Sports Kids And a Zone Focus
Sports kids often focus on the wrong things when they’re playing—the score, their last mistake, or worries about today’s homework assignment. This makes it harder for them to experience what we call a “zone focus.”
We want sports kids to achieve a “zone focus” because it helps boost their confidence, enjoyment and performance. To do this, they need to learn how to play “in the moment” and focus on what’s happening right now.
Adults can help kids learn how to focus on what will ultimately allow them to perform better. One way they can do this is by helping them develop a pre-game routine.
This is an important tool for helping kids leave their daily hassles behind and transition to the “athlete’s role.” It helps kids sharpen their focus and concentrate on their practice or performance.
A pre-game routine involves five steps. Kids need to:
- Park their distractions
- Shoot down doubts
- Set mini-goals
- Rehearse their performance
- Focus on execution
Today, let’s talk a little about parking distractions.
First, when creating a pre-game routine, kids need to identify common distractions that affect them when they’re practicing or performing.
Parents can be very helpful here.
What generally distracts your sports kids?
Do they worry about relationships with friends, dwell on mistakes or look forward to social events, for example. Help kids make a list of their common distractions.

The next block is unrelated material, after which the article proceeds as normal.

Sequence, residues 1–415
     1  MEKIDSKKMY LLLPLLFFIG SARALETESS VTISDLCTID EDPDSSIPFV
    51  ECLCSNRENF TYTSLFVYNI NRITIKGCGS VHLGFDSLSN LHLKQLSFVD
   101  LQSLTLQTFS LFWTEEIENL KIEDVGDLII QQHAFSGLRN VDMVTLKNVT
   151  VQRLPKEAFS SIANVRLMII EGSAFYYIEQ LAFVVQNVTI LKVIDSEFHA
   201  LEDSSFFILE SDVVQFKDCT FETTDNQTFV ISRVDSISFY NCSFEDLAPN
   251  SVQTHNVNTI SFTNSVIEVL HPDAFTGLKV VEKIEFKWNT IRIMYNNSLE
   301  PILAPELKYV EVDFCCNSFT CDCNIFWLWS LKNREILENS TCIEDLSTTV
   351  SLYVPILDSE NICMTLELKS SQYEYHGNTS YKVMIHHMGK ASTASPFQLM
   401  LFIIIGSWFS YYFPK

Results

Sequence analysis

Next, help young athletes understand what they can do to help leave these life hassles behind during performances.
The goal is to commit to practice or competition for the time being and not let these things bother them. Help them come up with phrases that allow them to overcome their distractions.
They might tell themselves, “I can’t change my bad grade and worrying about it will hurt my game.” Or, “I can’t control what my friend thinks of me, but I can control how I feel and focus.”
Again, the idea is to help kids identify what pulls them off task.
Understanding their common distractions will help them be more aware of them when they do come up. Then, they need to pull out their distraction-busting phrases to get the worries, fears or ideas out of their heads.
If you want to learn more about overcoming distractions, focusing on the right things, and creating pre-game routines, check out this video:
Video- How to Focus at Peak Levels Under Pressure
Let us know what you think!
- Do your kids have problems overcoming distractions?
- What are their common distractions?
- Do they have pre-game routines and are they helpful?
You can leave your comments on our youth sports psychology blog here:
We look forward to hearing what you have to share!
And we’re almost done with our new CD project, The Focused Sports Kid. We should have copies by the start of November.
P.S. We’re really interested in your stories. Please tell us your stories about kids’ distractions and give us tips that have worked for you here:
Help Your Young Athletes Improve Focus In Sports!
Are your young athletes easily distracted by people shouting on the sidelines? Do they obsess over their mistakes? Do they worry about what people think of them?
These issues will cause their concentration and performance to suffer!